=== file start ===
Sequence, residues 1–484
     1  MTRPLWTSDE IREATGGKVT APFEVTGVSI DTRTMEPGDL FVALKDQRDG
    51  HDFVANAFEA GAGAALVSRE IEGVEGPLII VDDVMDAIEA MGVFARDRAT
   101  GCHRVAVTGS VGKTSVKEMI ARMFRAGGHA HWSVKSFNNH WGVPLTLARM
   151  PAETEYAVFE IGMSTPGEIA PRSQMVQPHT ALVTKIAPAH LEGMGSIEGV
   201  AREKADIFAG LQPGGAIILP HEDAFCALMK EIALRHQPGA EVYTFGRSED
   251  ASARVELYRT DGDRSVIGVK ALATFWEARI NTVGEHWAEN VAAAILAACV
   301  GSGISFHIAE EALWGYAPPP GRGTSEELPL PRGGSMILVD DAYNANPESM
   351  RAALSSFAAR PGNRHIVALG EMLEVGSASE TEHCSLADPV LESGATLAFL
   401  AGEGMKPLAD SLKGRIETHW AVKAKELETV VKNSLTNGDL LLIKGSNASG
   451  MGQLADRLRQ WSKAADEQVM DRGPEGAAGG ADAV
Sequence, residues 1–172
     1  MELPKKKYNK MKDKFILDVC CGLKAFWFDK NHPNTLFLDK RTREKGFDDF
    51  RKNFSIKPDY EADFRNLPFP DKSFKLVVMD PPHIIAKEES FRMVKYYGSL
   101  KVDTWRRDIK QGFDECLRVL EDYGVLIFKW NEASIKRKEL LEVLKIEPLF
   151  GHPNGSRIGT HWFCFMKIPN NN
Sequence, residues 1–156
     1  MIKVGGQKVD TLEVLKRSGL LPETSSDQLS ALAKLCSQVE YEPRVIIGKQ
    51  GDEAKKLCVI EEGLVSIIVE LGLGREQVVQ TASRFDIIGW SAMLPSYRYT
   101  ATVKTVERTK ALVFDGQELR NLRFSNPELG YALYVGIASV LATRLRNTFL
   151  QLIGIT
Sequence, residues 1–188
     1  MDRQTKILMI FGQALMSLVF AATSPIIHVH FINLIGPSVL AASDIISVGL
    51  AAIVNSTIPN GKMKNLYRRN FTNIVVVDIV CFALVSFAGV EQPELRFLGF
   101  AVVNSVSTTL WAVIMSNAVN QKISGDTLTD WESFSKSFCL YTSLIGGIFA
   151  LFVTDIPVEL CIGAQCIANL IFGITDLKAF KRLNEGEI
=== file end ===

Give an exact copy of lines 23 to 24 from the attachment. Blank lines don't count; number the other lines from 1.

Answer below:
     1  MDRQTKILMI FGQALMSLVF AATSPIIHVH FINLIGPSVL AASDIISVGL
    51  AAIVNSTIPN GKMKNLYRRN FTNIVVVDIV CFALVSFAGV EQPELRFLGF